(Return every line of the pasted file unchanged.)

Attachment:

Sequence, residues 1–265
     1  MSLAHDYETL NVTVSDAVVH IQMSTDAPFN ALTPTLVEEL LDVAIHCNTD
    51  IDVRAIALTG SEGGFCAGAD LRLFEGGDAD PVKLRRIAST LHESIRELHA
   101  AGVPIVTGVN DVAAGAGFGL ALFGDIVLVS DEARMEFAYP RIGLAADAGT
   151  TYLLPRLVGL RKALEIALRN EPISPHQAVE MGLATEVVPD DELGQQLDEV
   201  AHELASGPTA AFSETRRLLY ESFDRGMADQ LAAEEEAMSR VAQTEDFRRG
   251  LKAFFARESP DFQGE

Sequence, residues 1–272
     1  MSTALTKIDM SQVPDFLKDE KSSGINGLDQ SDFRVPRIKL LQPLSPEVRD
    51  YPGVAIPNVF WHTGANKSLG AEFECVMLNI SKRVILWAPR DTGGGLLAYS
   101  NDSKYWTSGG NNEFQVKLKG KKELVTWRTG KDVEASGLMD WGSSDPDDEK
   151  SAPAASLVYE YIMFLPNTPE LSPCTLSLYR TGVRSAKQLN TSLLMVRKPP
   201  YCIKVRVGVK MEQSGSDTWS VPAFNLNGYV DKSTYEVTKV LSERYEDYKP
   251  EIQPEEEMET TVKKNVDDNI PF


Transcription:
Sequence, residues 1–265
     1  MSLAHDYETL NVTVSDAVVH IQMSTDAPFN ALTPTLVEEL LDVAIHCNTD
    51  IDVRAIALTG SEGGFCAGAD LRLFEGGDAD PVKLRRIAST LHESIRELHA
   101  AGVPIVTGVN DVAAGAGFGL ALFGDIVLVS DEARMEFAYP RIGLAADAGT
   151  TYLLPRLVGL RKALEIALRN EPISPHQAVE MGLATEVVPD DELGQQLDEV
   201  AHELASGPTA AFSETRRLLY ESFDRGMADQ LAAEEEAMSR VAQTEDFRRG
   251  LKAFFARESP DFQGE

Sequence, residues 1–272
     1  MSTALTKIDM SQVPDFLKDE KSSGINGLDQ SDFRVPRIKL LQPLSPEVRD
    51  YPGVAIPNVF WHTGANKSLG AEFECVMLNI SKRVILWAPR DTGGGLLAYS
   101  NDSKYWTSGG NNEFQVKLKG KKELVTWRTG KDVEASGLMD WGSSDPDDEK
   151  SAPAASLVYE YIMFLPNTPE LSPCTLSLYR TGVRSAKQLN TSLLMVRKPP
   201  YCIKVRVGVK MEQSGSDTWS VPAFNLNGYV DKSTYEVTKV LSERYEDYKP
   251  EIQPEEEMET TVKKNVDDNI PF